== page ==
NATO remains a cautious option for India
Published: Jul 11, 2022 07:05 PM

Illustration: Chen Xia/GT

Illustration: Chen Xia/GT

The NATO summit, recently concluded in Madrid, Spain, released the bloc's new Strategic Concept, pointing a finger at Russia and defining China as a "systemic challenge." NATO also invited non-NATO members in the Asia-Pacific region to attend the summit, including Japan, South Korea, Australia and New Zealand. It made a high-profile announcement to increase its involvement in Asia-Pacific affairs and introduced a series of military policies. 

After the summit, some Indian media outlets have been discussing that as NATO's anti-China tirade grows, will India join in? There have been relevant analyses since last year. In an article entitled, "NATO: India's next geopolitical destination," published in March 2021, Hindustan Times said that "Indians should be under no illusions that a truly non-aligned path remains a viable option."

As a matter of fact, as a key part of the US' Indo-Pacific Strategy to contain China, India is somehow dissatisfied that it has been left outside the NATO summit. India believes it is a deliberate act by US and European countries, as well as a US' punishment for India being not firm enough in opposing Russia and China, and not clear in its pro-US stance.

Since Indian Prime Minister Narendra Modi came into power in 2014, India has substantially adjusted its non-alignment policy and adopted a series of pro-US policies. India has accelerated its pace of moving toward the US in terms of the Quad mechanism, trade, investment and other aspects. Over the past 10 years, the US and India have signed multiple security agreements and India has become a quasi-military ally of the US. 

But the US has not really viewed India as a close partner, and always feels that India is not obedient enough. Therefore, in addition to the Quad, the Biden administration has created an Anglo-Saxon AUKUS. The US' strategic doubts about India are much too obvious. 

After the outbreak of the Russia-Ukraine conflict, the US and its allies took turns to pressure India, trying to make India take a tougher stance on Russia. The US and its NATO allies did not invite India to the NATO summit, which is mainly due to Washington's dissatisfaction that India refused to condemn and sanction Russia on the Ukraine issue.

On the other hand, the Indian strategic circle is cautious about the cooperation between India and NATO, but does not rule out the possibility of limited cooperation. Indian public opinion advocates that with the acceleration of NATO's push into the Asia-Pacific, India should not rule out the possibility of dialogues and issue-based limited cooperation with NATO.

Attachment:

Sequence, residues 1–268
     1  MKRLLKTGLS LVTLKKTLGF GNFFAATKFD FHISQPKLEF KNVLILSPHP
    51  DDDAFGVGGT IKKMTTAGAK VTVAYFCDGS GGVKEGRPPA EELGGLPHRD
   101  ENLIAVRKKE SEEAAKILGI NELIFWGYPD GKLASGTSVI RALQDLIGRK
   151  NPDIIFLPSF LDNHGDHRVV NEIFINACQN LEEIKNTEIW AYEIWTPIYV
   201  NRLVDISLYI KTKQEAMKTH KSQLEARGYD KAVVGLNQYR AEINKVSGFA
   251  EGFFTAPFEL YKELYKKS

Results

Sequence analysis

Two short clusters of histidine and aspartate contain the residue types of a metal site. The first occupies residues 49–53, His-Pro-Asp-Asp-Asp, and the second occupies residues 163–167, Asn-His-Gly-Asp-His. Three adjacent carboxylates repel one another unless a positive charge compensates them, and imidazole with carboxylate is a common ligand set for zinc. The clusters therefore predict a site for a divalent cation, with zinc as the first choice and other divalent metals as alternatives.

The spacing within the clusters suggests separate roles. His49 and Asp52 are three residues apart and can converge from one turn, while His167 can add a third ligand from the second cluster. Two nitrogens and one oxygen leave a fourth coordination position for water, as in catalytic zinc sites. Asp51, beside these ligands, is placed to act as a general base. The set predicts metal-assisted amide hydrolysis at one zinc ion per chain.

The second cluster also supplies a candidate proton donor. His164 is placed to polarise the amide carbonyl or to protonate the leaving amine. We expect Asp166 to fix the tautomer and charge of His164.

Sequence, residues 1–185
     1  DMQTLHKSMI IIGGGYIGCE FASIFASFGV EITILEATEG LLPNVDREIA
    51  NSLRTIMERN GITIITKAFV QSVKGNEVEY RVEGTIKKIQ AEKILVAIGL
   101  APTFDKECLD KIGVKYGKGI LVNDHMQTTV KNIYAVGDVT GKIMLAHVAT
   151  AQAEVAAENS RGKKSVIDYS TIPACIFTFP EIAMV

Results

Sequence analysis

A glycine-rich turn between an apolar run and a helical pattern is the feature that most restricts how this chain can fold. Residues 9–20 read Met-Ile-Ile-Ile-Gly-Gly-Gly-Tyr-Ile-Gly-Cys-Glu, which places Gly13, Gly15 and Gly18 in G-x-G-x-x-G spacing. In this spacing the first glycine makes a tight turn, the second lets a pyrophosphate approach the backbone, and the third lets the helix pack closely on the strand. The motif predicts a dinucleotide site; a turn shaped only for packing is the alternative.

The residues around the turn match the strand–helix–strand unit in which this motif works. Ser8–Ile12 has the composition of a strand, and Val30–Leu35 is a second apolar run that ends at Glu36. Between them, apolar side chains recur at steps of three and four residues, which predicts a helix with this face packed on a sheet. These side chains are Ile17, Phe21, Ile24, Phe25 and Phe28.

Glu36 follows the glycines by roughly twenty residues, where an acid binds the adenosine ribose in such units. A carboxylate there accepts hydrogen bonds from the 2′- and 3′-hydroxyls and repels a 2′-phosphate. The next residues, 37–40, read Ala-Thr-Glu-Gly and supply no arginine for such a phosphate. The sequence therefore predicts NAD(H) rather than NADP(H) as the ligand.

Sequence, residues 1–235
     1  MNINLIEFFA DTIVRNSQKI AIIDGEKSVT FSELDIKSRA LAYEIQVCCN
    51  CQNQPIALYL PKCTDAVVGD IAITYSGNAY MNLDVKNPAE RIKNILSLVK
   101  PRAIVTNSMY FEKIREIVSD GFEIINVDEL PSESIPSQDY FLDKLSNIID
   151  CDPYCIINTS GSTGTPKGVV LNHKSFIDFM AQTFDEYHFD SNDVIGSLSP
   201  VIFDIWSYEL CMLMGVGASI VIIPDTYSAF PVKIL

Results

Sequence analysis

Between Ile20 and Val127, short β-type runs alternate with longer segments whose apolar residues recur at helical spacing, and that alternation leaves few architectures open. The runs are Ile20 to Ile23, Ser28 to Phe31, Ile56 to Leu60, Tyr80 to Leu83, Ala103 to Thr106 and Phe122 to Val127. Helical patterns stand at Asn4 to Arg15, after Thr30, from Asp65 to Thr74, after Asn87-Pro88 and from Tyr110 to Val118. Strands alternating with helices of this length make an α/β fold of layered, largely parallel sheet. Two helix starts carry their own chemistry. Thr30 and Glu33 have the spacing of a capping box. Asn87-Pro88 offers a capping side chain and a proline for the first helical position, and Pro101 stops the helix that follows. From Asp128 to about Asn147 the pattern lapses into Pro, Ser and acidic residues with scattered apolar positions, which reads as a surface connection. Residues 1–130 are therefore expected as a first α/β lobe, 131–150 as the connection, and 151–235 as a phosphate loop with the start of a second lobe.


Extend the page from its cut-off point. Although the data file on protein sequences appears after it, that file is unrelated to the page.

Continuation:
Currently, India lacks realistic conditions and motivation to join NATO, but it may conduct opportunistic cooperation with NATO when necessary. India's public opinion is divided on the nature of NATO. Some Indian experts claim that India and NATO can explore joint cooperation positions through regular dialogue mechanisms, exchange views on issues including counter-terrorism and geopolitical situation. Some also say that India can jointly build an Indo-Pacific maritime security alliance with NATO. 

The level and extent of India's cooperation with NATO depends on how India's foreign policy evolves and how India assesses its strategic autonomy. In the foreseeable future, India will have limited cooperation with NATO. India's attitude toward Russia and its China policy will make India think twice before enhancing cooperation with NATO. 

Besides, NATO has launched or been involved in a series of regional conflicts and wars since its establishment. It has failed to manage its relations with Russia and hyped up wars in Europe. India also has long-standing strategic suspicion toward the US. These factors also greatly restrain India's cooperation with NATO. 

India's mainstream view on its diplomatic strategy will still be seeking to benefit from cooperation with both the East and the West, and realizing its dream of a major power within the framework of strategic independence. It is unwilling to be a junior partner of the US and the West, or pulling the chestnuts out of the fire for the US at the price of a deterioration in its own strategic environment. 

Lan Jianxue is director of the Department for Asia-Pacific Studies at the China Institute of International Studies (CIIS). Lin Duo is a research fellow of the Department for Asia-Pacific Studies at CIIS. opinion@globaltimes.com.cn